“What three retail trends do you foresee for 2001?”
I don’t have a crystal ball, but my guess is that the economy is going to be soft this year. As for trends, I see non-technical retailers not being as strong as the brick-and-mortar sector demographically, in terms of their customer base. Brick-and-mortar retailers can take advantage of that base through integration, so they can have customers from everywhere.
From the QVC standpoint, this last  season was one of the best fourth quarters we’ve ever had, partly because of that sort of integration. We believe that customers have two basic behaviors, impulse buying and considered purchase. The impulse buying accounts for our TV side; considered purchase is what our Internet customers tend to do — 60% of them go straight to the Search button on the Web site. As an example of what integration can do, even for a retailer that isn’t brick-and-mortar, we had a 25% lift in sales last year from customers who shopped in the two mediums.
Steve Hamlin, Vice President
West Chester, PA
The top retail trend is multi-channel commerce, a single view of customers among multiple channels. They place an order on the Web, pick it up at the retail store, or buy from a catalog and pick it up from a store, that kind of integration.
As important as ever are market share and not only how to gain new customers, but how to retain existing customers. Retail stores don’t want to miss out on sales to customers; now they want to leverage their Internet presence.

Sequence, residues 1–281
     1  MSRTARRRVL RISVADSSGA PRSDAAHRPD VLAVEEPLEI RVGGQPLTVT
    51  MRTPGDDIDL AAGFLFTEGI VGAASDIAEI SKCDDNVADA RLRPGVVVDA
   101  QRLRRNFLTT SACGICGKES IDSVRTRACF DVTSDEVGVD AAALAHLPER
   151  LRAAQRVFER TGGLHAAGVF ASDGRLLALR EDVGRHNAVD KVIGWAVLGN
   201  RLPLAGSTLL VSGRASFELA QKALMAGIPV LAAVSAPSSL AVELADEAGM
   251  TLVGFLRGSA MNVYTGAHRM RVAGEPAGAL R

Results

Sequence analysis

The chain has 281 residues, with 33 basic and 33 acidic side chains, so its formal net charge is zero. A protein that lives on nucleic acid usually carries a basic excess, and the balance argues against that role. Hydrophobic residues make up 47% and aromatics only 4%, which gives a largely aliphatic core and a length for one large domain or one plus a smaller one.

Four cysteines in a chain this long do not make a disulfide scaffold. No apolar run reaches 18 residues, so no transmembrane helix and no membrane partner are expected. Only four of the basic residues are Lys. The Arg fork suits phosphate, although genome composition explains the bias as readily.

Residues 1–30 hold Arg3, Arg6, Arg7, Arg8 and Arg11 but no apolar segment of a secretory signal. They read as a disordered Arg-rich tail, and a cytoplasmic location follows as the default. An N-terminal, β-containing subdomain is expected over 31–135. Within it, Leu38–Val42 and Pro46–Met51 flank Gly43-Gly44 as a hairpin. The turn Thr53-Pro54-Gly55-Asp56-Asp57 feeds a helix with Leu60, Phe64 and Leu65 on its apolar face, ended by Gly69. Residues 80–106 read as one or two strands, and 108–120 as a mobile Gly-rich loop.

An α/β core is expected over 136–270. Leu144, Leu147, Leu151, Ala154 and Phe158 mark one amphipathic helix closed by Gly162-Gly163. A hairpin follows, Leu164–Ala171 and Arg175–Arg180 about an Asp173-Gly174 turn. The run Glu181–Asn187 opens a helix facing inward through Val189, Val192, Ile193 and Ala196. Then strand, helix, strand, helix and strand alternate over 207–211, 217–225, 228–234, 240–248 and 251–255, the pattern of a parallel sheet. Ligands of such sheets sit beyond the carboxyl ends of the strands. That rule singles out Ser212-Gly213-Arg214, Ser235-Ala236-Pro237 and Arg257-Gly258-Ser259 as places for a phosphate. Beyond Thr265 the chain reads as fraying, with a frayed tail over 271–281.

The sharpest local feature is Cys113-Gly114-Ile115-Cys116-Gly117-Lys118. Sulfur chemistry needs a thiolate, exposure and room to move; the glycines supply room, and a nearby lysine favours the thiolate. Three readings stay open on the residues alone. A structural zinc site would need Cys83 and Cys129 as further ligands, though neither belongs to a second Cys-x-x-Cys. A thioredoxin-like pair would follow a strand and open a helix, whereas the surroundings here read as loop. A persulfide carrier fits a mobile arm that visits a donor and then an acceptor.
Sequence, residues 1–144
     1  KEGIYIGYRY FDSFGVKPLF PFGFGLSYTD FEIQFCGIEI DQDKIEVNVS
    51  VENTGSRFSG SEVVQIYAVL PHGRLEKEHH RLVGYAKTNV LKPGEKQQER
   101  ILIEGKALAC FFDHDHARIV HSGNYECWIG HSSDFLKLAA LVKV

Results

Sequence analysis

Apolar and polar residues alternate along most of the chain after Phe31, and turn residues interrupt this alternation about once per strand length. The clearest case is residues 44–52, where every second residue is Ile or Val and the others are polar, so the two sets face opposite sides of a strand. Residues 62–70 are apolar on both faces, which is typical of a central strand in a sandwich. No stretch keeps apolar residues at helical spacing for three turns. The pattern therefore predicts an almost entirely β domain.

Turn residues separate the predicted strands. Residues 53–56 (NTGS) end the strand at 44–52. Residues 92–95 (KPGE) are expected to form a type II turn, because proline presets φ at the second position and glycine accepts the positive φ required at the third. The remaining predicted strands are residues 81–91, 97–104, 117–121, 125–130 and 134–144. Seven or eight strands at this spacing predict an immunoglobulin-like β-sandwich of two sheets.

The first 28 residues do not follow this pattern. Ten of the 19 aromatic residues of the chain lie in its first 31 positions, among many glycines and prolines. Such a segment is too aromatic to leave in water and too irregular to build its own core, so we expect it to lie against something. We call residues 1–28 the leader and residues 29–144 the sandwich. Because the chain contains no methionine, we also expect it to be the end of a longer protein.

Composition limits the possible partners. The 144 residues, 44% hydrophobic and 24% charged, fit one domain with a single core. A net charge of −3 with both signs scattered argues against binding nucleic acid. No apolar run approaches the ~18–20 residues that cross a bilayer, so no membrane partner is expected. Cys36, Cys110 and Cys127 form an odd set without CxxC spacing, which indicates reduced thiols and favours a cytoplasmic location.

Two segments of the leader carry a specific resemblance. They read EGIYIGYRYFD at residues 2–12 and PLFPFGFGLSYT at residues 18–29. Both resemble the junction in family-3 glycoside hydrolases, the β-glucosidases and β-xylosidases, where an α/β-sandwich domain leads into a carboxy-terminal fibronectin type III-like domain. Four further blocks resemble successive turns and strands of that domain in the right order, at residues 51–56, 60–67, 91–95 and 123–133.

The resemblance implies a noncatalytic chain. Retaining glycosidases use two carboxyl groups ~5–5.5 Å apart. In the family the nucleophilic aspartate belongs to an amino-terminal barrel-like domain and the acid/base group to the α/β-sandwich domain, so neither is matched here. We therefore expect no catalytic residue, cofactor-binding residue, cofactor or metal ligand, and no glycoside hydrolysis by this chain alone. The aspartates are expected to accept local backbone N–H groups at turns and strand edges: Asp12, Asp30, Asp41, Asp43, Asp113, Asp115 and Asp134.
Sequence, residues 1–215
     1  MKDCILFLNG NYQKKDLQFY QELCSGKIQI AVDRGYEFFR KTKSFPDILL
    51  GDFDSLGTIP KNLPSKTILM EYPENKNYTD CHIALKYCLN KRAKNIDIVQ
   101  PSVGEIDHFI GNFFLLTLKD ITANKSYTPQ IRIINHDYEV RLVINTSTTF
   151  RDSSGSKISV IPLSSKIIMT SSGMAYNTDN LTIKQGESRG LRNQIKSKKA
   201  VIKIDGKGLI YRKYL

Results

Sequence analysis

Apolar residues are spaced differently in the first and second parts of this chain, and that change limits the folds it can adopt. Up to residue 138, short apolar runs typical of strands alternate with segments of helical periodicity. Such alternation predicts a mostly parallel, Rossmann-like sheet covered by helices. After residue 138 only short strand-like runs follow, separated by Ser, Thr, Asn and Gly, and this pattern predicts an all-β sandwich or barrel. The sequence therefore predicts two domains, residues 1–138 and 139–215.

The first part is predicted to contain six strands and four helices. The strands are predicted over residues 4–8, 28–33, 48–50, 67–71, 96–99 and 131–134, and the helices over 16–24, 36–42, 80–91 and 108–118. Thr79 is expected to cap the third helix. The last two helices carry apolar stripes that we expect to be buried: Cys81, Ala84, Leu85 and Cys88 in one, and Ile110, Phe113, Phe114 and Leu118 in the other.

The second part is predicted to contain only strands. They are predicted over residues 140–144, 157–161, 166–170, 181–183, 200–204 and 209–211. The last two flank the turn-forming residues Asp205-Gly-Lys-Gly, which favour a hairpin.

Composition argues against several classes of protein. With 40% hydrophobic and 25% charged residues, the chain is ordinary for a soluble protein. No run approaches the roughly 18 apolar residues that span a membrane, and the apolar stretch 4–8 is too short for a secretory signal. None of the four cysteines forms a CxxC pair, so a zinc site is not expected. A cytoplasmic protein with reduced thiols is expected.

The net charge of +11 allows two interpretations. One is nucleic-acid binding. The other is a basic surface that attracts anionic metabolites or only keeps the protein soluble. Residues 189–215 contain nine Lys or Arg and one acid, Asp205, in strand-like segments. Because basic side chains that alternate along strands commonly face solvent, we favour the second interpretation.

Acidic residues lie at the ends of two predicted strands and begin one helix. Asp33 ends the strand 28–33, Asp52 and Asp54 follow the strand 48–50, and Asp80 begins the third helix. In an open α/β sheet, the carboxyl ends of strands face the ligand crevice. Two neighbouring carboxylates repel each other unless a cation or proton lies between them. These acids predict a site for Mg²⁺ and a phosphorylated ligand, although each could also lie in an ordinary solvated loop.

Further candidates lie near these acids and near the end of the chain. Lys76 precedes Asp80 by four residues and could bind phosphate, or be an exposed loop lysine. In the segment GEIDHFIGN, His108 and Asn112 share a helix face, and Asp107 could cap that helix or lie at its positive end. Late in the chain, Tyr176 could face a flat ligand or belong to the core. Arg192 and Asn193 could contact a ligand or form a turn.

On the economy, I believe that we will have a soft landing. We still have a lot of cautious optimism for our customers. We will see some slow-down in the high-tech areas, but the jury is still out on the retail sector, due to the rise in US postal rates. Retail will see some growth; however, it will be slower than in the last couple of years.
David Joseph, Executive Vice President
Page Digital, Inc.
Clearly the Internet will represent a bigger and bigger share of total sales as a result of cross-channel integration. The biggest thing in retail is multi-channel sales; this is going to be true for Lands’ End. What also has significant implications is how you manage multi-channel bonus plans.
Bill Bass, Senior Vice President
E-Commerce and International
Lands’ End, Inc.
1. More consolidation
2. More focus on profit
3. More integrated customer experiences
Also, multi-channel retailing is hip, and multi-channel retailing is trendy.
Lauren Freedman, Analyst the e-tailing group
- 1. Multi-channel retailing becomes the dominant topic it always should have been.
- 2. Finally we’ll learn the truth about Amazon.com’s finances.
- 3. Personalization enters a new phase, in which “soft” things become more important than “hard” things — reactions based on feelings, such as “I like something” versus “I’m the member of a group.”
Scott Metcalf, CEO
San Francisco, CA
- 1. The customer is in control, using multiple channels to shop, doing a lot of research, and buying on his own terms.
- 2. Using the Internet for shopping continues to be big.
- 3. Retailers will use electronic marketing not only for promotions but to maintain relationships with customers.
George Barr, Director,
Circuit City Stores Richmond, VA